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“I loved her against reason, against promise…against all discouragement that could be.”
Taken to the Satis House by his Uncle Pumblechook one day, Pip, a young orphan, meets a wealthy, eccentric spinster, Miss Havisham and her beautiful, cold-hearted ward, Estella. Pip instantly falls in love with her. But in the days to come, he is constantly reminded that Estella is heartless.
“You must know,” said Estella, condescending to me as a brilliant and beautiful woman might, “that I have no heart..”
Apprenticed as a blacksmith with his brother-in-law, Pip yearns to become a wealthy gentleman in order to be worthy of her. and when he learns of the expectations from a secret benefactor for him to be trained in the gentlemanly arts, he goes to London. As a series of events follow, including Estella’s marriage to the brutal nobleman, Bentley Drummle, will Pip and Estella ever unite?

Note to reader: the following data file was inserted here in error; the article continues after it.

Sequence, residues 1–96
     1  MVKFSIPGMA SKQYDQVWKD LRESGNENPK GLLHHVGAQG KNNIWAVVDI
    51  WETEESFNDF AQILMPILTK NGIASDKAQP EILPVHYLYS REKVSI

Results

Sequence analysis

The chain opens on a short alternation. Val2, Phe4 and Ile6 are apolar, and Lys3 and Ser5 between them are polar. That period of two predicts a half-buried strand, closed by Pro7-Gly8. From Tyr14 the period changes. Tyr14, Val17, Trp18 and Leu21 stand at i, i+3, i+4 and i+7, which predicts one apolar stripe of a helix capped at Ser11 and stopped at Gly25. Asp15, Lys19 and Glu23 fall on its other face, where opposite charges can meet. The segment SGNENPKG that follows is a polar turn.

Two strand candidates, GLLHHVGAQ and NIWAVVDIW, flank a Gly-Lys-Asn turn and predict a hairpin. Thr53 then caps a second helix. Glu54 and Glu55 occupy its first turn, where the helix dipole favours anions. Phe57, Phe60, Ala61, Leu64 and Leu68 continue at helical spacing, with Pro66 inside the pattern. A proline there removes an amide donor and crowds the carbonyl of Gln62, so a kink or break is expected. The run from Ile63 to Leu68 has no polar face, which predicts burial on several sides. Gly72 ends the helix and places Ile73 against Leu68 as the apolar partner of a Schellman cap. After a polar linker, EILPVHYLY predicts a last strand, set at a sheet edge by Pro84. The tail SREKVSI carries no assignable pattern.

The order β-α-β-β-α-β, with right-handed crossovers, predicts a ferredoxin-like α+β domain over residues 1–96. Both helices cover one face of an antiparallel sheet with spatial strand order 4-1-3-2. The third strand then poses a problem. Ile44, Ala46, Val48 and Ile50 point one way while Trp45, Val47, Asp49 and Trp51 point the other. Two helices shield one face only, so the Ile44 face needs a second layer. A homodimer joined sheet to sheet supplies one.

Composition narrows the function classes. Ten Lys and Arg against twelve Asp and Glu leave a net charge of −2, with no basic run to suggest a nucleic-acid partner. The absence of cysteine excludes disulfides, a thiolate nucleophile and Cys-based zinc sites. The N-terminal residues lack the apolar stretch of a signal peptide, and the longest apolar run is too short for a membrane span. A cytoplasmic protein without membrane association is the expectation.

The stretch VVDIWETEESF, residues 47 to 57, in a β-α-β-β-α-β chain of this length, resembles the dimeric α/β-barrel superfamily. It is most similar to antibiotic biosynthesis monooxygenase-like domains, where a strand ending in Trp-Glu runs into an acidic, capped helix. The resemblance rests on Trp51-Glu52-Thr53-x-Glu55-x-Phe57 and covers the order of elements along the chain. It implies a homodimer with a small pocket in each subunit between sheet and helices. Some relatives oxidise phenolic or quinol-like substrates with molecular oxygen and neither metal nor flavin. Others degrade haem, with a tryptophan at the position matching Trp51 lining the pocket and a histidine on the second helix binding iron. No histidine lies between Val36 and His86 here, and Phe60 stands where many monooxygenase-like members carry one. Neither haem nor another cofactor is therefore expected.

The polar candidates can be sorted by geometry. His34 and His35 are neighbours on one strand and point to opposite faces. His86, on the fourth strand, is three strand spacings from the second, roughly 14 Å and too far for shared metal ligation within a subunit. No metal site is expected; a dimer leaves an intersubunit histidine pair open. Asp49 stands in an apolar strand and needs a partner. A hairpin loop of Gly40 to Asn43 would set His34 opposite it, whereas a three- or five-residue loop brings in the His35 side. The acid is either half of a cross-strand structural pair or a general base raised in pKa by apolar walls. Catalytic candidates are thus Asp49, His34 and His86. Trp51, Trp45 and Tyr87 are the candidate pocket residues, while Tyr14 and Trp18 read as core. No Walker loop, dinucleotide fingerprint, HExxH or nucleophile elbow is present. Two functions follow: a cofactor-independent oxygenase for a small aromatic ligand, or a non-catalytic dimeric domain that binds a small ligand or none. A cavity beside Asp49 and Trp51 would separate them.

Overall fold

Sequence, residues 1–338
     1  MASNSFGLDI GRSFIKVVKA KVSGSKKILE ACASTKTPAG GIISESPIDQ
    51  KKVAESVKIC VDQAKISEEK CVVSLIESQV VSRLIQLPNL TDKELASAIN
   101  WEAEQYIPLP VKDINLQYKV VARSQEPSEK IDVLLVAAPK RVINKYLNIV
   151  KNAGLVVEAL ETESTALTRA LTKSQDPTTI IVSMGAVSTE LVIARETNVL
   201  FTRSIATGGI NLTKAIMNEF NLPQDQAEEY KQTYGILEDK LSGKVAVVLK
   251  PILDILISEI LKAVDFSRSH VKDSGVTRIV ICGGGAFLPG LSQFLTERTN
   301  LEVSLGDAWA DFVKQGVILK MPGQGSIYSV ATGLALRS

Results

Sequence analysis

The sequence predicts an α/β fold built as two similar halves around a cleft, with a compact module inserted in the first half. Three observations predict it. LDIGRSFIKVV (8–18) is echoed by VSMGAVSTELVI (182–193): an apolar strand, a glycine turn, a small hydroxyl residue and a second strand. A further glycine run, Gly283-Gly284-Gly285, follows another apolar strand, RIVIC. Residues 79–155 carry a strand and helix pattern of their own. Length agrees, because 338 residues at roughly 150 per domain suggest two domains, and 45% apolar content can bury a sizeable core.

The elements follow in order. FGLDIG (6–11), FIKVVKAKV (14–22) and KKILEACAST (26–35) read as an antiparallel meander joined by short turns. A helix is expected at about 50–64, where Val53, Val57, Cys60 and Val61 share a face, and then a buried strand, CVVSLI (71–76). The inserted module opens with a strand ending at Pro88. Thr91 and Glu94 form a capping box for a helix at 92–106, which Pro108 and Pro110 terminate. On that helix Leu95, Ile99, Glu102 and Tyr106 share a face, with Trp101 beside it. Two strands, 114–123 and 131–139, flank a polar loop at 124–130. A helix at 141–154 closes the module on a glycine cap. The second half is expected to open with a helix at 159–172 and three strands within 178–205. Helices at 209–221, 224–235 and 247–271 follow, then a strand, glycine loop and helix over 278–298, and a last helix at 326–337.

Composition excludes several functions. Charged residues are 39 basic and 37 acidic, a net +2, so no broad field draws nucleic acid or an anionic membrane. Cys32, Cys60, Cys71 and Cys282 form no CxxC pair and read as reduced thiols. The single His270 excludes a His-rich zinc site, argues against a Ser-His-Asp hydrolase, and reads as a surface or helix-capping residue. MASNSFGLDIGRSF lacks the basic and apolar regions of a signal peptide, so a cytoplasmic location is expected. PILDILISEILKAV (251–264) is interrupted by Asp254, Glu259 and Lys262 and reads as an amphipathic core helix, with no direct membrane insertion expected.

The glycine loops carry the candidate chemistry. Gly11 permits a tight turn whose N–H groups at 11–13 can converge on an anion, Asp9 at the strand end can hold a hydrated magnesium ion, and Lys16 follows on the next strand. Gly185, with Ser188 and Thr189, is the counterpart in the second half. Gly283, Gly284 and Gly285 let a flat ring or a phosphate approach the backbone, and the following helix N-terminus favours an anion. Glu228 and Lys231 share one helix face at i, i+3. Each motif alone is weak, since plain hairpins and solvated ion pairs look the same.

Set in the early Victorian England, Great Expectations mirrors scenes from Dickens’ own childhood. Rich in imagery, this Bildungsroman traces Pip’s journey of self-discovery and self-improvement from childhood to maturity.
First serialized in All the Year Round, Dickens’ weekly periodical, Great Expectations was published in the novel form in 1861. it has not only been adapted into films but has also influenced a number of writers and continues to receive universal acclaim.
Charles Dickens was born in 1812 near Portsmouth where his father was a clerk in the navy pay office. The family moved to London in 1823, but their fortunes were severely impaired. Dickens was sent to work in a blacking-warehouse when his father was imprisoned for debt. Both experiences deeply affected the future novelist. In 1833 he began contributing stories to newspapers and magazines, and in 1836 started the serial publication of Pickwick Papers. Thereafter, Dickens published his major novels over the course of the next twenty years, from Nicholas Nickleby to Little Dorrit. He also edited the journals Household Words and All the Year Round. Dickens died in June 1870.